Israel maintains Hamas, that it regards as a terrorist group, has incited violence and endangered the lives of Israelis near the border. It says the fires caused by the burning kites have caused significant damage to farm land.

Q. Who are the protagonists?

The main protagonists are Israel and its army, and the myriad armed factions within Gaza, that answer to a central operations room that is ostensibly led by the militant arm of Hamas – called the Qassem Brigades. Within that are vastly different factions, with anything ranging from small far-left Marxist armed groups like the National Resistance Brigades to Islamic jihad’s al-Quds Brigade.

Q. What is at stake?

For this region, everything. In the last war more than 2,200 Palestinians, and 73 Israelis, were killed. Gaza took several years to recover and still has not been fully rebuilt. More fundamentally is the moribund Middle East peace process, which is arguably dragging into its eighth decade. A new devastating war would only put another nail in its coffin.

Q. Why has a ceasefire been agreed?

Egypt, that has long held a position as mediator in the Israel-Palestine conflict, has reportedly intervened multiple times in the past few weeks to broker a ceasefire. Last week Hamas said it once again stepped in and brokered a truce but it keeps being broken. Most recently on Wednesday, Israel fired a barrage of tank and artillery shells at what it identified as military targets within Gaza, after one of its soldiers was injured during an earlier cross-border exchange of fire. Three Palestinians were killed during the tank fire, Hamas confirmed the dead were members of its group.

Q. What is going to happen now?

Both sides of the conflict, as well as civilians, have repeatedly expressed an interest in stopping the current escalation from tumbling into a full-blown war. Further deaths will only worsen the situation.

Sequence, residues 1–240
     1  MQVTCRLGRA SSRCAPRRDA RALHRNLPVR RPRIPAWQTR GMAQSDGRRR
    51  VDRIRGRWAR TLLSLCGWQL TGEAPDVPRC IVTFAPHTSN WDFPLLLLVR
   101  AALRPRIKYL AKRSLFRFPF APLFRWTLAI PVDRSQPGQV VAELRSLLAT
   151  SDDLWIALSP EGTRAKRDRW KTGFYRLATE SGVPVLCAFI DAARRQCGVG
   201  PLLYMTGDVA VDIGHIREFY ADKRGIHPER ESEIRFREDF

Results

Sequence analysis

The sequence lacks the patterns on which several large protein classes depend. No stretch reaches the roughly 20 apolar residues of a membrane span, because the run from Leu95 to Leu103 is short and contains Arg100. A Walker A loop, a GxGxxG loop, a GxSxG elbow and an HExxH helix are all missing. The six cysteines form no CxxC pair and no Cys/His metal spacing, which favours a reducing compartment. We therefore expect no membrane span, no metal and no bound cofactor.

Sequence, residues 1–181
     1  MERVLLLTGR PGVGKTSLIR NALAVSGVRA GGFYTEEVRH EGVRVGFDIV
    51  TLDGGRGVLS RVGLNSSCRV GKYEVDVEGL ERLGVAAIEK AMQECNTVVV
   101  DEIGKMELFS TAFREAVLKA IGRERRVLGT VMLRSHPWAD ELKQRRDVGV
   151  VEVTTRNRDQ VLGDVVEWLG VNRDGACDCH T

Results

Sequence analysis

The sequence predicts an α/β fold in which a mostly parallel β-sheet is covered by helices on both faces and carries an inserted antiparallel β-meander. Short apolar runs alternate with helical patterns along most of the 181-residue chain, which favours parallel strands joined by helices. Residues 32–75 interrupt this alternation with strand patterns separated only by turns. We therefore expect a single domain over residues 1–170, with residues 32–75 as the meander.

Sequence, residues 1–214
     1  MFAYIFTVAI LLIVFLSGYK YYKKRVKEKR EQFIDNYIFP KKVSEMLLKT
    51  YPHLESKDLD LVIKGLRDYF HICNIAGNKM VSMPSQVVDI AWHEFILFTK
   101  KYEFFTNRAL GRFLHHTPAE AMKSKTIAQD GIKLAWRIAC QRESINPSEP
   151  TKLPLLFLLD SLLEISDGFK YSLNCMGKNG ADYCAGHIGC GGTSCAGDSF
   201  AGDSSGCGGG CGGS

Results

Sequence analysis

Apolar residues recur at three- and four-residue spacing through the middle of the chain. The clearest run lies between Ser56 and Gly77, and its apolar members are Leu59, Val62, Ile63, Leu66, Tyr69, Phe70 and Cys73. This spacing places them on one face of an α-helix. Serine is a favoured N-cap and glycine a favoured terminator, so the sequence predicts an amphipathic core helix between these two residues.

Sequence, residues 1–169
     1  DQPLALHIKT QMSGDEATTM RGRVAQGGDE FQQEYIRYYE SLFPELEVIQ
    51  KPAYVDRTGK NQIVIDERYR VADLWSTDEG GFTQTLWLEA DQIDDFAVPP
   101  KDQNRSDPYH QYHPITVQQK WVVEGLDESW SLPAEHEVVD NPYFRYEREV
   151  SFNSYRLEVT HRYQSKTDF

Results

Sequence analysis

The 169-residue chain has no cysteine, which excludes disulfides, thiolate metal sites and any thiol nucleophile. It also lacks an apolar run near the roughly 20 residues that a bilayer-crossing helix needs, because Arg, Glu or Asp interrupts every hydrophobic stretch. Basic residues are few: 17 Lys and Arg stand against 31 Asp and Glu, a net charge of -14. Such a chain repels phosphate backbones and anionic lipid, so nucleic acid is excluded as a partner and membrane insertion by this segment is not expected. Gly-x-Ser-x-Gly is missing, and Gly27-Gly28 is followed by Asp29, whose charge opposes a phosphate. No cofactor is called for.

Q. But if neither side wants war why does the violence continue?

Hamas is in a tricky position. Gaza is experiencing one of the most severe economic crises in its recent history. There are many reasons, including the Israeli blockade, new sanctions from the Palestinian Authority which is dominated by Hamas’ secular political rival Fatah and a massive shortfall in International aid funding.

In a bid to force Hamas to relinquish power over Gaza, last April the PA ordered early retirement for nearly a third of its 60,000 Gaza employees as well as restrictions on electricity access to Gaza. In May it slashed salaries to its civil servants in the enclave by at least 20 percent, piling on more pressure.

Cash-strapped Hamas, that once relied on taxing goods smuggled through tunnels to Egypt, has also been unable to pay its own 40,000 employees in full.

Gaza militant groups prepare for war amid tough new sanctions from Israel

Meanwhile the United Nation’s refugee agency UNRWA said it is suffering from an “unprecedented” £164 million funding shortfall, after the US said it was slashing more than 80 percent of its funding to the agency. This has only exacerbated the problems. This week UNRWA announced it was getting rid of 250 jobs in the Palestinian Territories, including more than 100 in Gaza.

The 1.8 million residents of Gaza, who are already suffering from one of the highest jobless rates in the world, cannot sustain further devastation and many are increasingly frustrated with their own leaders.

Members of Hamas’s Palestinian political rivals in Gaza have told The Independent that Hamas wants the focus of Gazans' anger to be directed towards Israel, which it regards as an occupier, rather than at local government and themselves. And therefore, the protests at the border cannot stop.

Israel, meanwhile, is facing a potential war at its northern border as well as its frontier with Gaza. Over the last months, Israel has been increasingly concerned by Iran’s attempts to build permanent military infrastructure near Israel in Syria, where Tehran is backing Syrian President Assad and the rebels. Iran and its allied forces have fired into Israel.

Members of the Israeli army and government have told The Independent they have no interest in fighting a war on two fronts. But at the same time Israel is facing pressure from its own people to stop the burning kites and violence at the border.

It all depends on whether the Egyptian-brokered truces can hold.